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9

does this mean that Ohm's law just fails in this case Ohm's law is not universal. The ideal resistor circuit element is defined by Ohm's law but not all circuit elements obey Ohm's law; Ohm's law only applies to ohmic devices. Physical resistors and conductors approximately obey Ohm's law but, for example, semiconductor diodes, transistors, ...


9

If there was nothing in the way then an electron leaving the anode of a 4 volt battery would have a kinetic energy of 4 electronvolts by the time it reached the cathode. However the mean free path of electrons in metal wires is exceedingly short so electrons never build up anything like this velocity. The end result is that the electron velocities are ...


5

The term Resistance does not come into play while dealing with Photoelectric Effect. The latter is related to the emission of electrons when the surface of a metal(or any substance) is hit by photon particles(photon is the unit particle making up the light that we talk of). Here the more important concept is that of Work Function, i.e. the minimum amount of ...


4

To be precise, current is a scalar quantity. Although current has a specific direction and magnitude, it does not obey the law of vector addition. Let me show you. Take a look at the above picture. According to Kirchhoff's current law, the sum of the currents entering the junction should be equal to sum of the currents leaving the junction( no charge ...


3

We may say that the average power dissipated in the circuit is as follows: But the equation following that isn't true. In AC circuit analysis, the voltage and current are represented as phasors. Further, $p=v \cdot i$ is the formula for instantaneous power in the time domain. The average power, over some time $T$ in the time domain, is given by ...


2

There is a commonly used analogy for electric circuits called the hydraulic analogy. This imagines the electrons as water and the wires as pipes. The voltage is equivalent to the water pressure and the current is equivalent to the water flow rate. Start with a DC current and imagine the water is doing work by flowing through a water wheel: This is all ...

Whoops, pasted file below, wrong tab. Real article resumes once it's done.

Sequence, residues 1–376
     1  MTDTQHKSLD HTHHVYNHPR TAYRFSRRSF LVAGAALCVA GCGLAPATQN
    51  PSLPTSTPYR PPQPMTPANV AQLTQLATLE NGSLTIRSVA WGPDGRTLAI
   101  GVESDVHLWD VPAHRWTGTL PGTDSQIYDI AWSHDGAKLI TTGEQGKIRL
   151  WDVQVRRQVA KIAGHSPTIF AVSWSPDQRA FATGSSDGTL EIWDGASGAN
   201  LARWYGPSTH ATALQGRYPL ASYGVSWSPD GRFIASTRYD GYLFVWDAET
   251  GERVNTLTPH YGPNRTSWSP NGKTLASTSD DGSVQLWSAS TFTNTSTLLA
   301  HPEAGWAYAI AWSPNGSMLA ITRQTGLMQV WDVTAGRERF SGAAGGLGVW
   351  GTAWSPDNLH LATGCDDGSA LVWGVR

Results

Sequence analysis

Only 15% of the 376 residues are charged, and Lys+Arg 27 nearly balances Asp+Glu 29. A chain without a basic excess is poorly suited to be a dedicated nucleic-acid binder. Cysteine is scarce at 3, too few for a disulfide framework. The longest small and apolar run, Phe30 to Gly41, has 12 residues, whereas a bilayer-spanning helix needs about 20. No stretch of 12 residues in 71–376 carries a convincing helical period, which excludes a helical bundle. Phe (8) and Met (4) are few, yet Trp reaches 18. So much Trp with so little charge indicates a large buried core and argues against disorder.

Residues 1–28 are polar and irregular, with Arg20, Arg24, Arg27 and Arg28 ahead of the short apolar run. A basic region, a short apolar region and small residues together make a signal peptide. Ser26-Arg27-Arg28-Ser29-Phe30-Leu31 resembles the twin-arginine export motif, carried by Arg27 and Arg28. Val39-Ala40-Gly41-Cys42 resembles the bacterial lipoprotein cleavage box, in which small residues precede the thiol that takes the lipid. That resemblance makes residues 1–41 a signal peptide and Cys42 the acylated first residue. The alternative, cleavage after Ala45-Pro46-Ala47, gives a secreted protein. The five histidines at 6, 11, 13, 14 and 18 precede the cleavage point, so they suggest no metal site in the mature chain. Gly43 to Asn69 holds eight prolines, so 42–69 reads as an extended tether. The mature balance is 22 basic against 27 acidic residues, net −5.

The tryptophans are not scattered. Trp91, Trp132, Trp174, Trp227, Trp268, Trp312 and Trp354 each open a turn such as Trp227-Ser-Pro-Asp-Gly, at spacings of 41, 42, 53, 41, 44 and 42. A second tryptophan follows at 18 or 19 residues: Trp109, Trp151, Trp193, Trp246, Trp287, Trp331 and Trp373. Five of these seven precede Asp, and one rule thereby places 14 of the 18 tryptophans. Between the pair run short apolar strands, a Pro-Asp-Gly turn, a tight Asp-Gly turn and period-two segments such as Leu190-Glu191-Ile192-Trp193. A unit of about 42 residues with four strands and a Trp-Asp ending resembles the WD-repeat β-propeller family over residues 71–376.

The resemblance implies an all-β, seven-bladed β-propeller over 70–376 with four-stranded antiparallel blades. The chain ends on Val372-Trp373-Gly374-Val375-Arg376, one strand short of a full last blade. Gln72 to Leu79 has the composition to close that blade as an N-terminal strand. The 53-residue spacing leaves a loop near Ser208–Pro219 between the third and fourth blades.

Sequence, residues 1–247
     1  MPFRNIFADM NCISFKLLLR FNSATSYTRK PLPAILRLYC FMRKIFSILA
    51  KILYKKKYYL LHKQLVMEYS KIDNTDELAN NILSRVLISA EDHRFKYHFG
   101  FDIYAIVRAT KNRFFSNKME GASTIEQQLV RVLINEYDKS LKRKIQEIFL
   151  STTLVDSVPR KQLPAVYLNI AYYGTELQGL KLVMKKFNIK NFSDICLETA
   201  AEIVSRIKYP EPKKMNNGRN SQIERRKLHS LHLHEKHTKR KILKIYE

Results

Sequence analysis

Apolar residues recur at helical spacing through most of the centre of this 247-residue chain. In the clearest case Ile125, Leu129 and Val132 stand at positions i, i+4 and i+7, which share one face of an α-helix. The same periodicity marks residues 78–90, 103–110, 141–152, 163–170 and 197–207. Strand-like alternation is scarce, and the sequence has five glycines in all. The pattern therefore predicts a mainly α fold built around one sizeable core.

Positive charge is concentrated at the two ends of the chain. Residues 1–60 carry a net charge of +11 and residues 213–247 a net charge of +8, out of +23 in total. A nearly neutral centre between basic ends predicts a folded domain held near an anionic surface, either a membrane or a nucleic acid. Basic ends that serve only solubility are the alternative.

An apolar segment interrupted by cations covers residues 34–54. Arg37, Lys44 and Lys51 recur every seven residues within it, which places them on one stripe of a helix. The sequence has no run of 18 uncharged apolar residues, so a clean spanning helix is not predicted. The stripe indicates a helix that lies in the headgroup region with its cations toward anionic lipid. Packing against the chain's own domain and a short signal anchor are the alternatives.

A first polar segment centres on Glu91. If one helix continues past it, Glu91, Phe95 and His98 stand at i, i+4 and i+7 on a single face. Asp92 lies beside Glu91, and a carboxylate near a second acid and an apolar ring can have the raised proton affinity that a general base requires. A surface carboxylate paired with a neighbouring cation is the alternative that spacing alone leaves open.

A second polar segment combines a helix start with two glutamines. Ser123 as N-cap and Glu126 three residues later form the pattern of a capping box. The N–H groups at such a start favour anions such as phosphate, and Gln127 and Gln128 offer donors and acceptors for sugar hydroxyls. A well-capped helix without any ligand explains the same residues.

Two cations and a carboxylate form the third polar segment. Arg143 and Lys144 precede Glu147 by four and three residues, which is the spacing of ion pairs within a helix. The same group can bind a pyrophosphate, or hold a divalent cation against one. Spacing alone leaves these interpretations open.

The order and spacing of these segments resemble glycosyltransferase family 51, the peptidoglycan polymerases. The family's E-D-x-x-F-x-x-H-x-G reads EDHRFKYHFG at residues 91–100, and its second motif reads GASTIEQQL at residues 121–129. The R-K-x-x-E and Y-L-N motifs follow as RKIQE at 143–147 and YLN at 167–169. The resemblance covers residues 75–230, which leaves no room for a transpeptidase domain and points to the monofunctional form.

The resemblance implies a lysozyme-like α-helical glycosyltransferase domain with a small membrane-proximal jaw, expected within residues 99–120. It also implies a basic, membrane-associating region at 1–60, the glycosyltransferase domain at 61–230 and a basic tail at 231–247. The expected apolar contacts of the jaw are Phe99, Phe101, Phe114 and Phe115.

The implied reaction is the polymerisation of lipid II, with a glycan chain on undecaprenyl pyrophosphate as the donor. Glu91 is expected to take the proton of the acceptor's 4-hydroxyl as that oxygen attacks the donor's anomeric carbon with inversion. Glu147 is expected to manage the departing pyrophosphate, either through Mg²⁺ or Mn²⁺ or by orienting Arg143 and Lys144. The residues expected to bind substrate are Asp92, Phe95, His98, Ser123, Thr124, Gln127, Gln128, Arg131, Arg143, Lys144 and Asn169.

2

The answer is positive. This is due to the fact that the equations describing how currents generate the field are linear. The solution is obtained by a suitable inverse of the linear operator associating currents to fields. It is fundamental to observe that this inverse operator is linear because the boundary conditions satisfy the superposition principle ...


2

Check out this post over at NASA. It's directed towards kids but it gives a good overview. Most relevantly, "In space, batteries must work in both very hot and very cold conditions. They must withstand a lot of radiation from the Sun. They must work in a vacuum without leaking or blowing up! They must be rugged enough to withstand the severe vibrations ...


2

The reason that you typically think of it as a scalar, is because we confine the current to travelling along one path ( the wire ). This is clearly a special case. Why? Because we have a wire that predefines the path of the electricity for us. For more general situations, we don't assume a particular path, and this lets us apply vector analysis to the ...


2

The confusion is because the $V$ in: $$ W = IVt $$ is the voltage drop across the transmission line not the supply voltage. If the power station generates some high voltage $V_0$, then at your local transformer the voltage will have fallen slightly to $V_1 = V_0 - \Delta V$ due to the resistance of the transmission lines. The voltage drop is: $$ \Delta V ...


2

For starters, when we talk about voltage as energy per unit charge, is this energy manifest simply as the kinetic energy of the electron? Voltage is potential energy per unit charge. An analogy: voltage is to charge as altitude (as on the surface of Earth) is to mass. So if you lift a 1kg rock off the ground by a height of 1m, you've added some ...


1

For starters, when we talk about voltage as energy per unit charge, is this energy manifest simply as the kinetic energy of the electron? No, not at all. Recall that, in electric circuits especially, voltage is not measured at a point (in general, the potential at a point is not physically meaningful - only the difference in potential of two points ...


1

Do not equate potential with kinetic energy. How fast electrons flow in a conductor has very little to do with their potential. You need to consider the current and the charge carrier density for that. Depending on the material you can have a few fast electrons or many more slower ones. In semiconductors the carrier velocity will be higher - which is why the ...


1

Flow is a good word. Current in a sheet is described as flow, which is the same as a field and that means in general, partial DEQs. When constrained to a wire current is like water in a pipe. You don't worry about a vector field unless you get into turbulence or some other complication. The rate alone (scalar) is good enough for a lot of problems. ...


1

Short answer is: If you heat up the whole material, then no. If you heat up the material in on end (an iron bar e.g.), then yes. The thermoelectric effect will cause a small current to flow between the two ends of different temperature. It looks like you are mistakenly assuming that electromagnetic induction causes heating, which should then be possible ...


1

To start with one could have an ac current never grounded anywhere , for a household generator for example. The reason one grounds at the generator is for safety so the ground can pick up any miss chance, as it is a practically infinite sink for electrons. Only one of the two lines can be grounded of course :). It was found though that due to capacitences ...



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